Wednesday, July 04, 2007

Wednesday digest

- As an American-Canadian, I'd like to wish a happy Independence Day to everyone south of the border. Despite some tough times lately, you are still much admired and respected.

- You know what makes John Stossel great? It's that he reminds us what should be painfully obvious. Here, he states that government is coercive by definition, and concludes that truly freedom-loving peoples should always be skeptical of its actions. A practical example would be current drive to re-institute the Fairness Doctrine. It seems that when it comes to US talk radio, the Left can't compete, so they're going to try and use the power of the state to fight their battles for them by silencing programs they don't like.

- Wouldn't it be refreshing if for once representatives of the Islamic community stopped putting words in people's mouths and started attacking radicalism - really attacked it by looking in the mirror instead of obfuscating, closing ranks and assigning blame - instead? After all, when looking at the bigger picture, they've got the most to lose.

- Stranger than fiction: Ozzy Osbourne, pro-Taiwan activist.

- I don't like the idea of politicians superseding the legal process. That said, it's their prerogative, and as far as the commutation of Scooter Libby's sentence goes, the following needs to be kept in mind. The special prosecutor, Patrick Fitzgerald, knew before Libby even appeared on the stand that the leaker of Valerie Plame's identity was Colin Powell's errand boy Richard Armitage, but that didn't stop him from going on his wild goose chase. Then, you have Libby, presumably being examined because of some kind of (non-existent) interference, stating that he couldn't remember who told him what about Plame, and for that, he gets 30 months, a quarter of a million dollar fine and a ruined career and reputation all because some sleazeball lawyer wanted to make a name for himself.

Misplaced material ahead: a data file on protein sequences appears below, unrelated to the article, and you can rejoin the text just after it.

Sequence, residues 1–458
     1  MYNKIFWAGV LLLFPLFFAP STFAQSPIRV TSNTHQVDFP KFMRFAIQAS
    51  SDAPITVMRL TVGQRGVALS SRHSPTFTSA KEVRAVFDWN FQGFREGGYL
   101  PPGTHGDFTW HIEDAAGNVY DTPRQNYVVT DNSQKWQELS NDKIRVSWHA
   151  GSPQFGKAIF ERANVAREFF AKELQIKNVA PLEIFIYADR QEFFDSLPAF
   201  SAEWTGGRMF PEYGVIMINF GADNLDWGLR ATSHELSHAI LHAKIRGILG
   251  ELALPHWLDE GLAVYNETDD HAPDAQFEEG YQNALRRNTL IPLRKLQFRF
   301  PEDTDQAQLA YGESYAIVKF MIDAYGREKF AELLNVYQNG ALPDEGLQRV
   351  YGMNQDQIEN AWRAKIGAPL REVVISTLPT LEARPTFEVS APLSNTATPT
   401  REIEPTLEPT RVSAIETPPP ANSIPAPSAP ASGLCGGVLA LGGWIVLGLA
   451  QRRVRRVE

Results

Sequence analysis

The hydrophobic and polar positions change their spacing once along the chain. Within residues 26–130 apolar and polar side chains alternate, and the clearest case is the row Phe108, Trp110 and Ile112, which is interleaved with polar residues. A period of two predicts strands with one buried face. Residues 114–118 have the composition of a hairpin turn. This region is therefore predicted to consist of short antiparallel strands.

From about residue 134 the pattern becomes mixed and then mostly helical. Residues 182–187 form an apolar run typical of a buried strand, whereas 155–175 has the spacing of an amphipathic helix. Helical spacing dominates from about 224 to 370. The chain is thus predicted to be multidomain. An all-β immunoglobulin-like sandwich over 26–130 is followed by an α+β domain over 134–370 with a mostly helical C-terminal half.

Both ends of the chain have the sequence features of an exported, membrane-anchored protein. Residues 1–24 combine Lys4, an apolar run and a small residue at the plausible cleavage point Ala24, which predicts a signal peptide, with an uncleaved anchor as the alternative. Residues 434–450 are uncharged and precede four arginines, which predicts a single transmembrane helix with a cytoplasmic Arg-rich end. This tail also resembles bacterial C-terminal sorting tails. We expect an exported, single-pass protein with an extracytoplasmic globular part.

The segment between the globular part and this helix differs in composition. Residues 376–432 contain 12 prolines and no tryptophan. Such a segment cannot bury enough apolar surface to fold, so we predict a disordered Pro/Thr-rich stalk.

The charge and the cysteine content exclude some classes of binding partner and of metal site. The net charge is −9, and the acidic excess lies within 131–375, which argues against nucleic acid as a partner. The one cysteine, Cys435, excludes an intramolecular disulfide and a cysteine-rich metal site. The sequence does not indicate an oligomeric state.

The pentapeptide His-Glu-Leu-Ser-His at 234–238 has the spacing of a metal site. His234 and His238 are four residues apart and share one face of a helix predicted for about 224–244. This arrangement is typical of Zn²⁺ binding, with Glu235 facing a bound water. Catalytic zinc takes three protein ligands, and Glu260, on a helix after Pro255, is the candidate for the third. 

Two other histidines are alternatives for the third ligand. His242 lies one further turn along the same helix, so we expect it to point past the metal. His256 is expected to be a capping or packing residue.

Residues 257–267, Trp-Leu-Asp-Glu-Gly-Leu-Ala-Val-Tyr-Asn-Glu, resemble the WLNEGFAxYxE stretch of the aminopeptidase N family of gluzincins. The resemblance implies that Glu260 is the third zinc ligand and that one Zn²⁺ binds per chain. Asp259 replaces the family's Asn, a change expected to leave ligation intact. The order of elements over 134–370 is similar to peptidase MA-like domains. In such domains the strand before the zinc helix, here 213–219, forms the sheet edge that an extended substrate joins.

As for precedents, the spouse of the Democratic front-runner either commuted the sentence or pardoned almost 200 people, many for worse offences than this "crime". Hell, I can't even recall what I had for breakfast half the time, and I'm a guy in my early 30s who works forty hours a week rather than a guy in his 50s who works ninety, in the White House, no less.

Seriously, if we're going to give politicians the right to override the judiciary, rightly or wrongly, this is what should be expected. I think it is a power that should be used sparingly because when exercised, it just reeks of the kind of cronyism and corruption that tinpot dictatorships are known for.

2 Comments:

At 4:30 PM, Anonymous Brian said...

Before you start riding Clinton too hard, recall that Ronny tough on crime Raygun pardoned exactly 3 less than Bubba during his tenure. 396 vs 393.

George Snr. clocked in with 74 in 4 years, so let's not all flip our wigs about Bubba- he was hitting right around the Presidental Pardon league average.

http://www.usdoj.gov/pardon/actions_administration.htm#bush

 
At 11:11 PM, Blogger Road Hammer said...

I find it interesting that a socialist cum partisan apologist for the free-trading, welfare-cutting, budget-balancing, Third World-invading Bill Clinton would use Reagan as one's yardstick when judging Presidential ethics.

It's not like the two were much different on most public policy matters.

 

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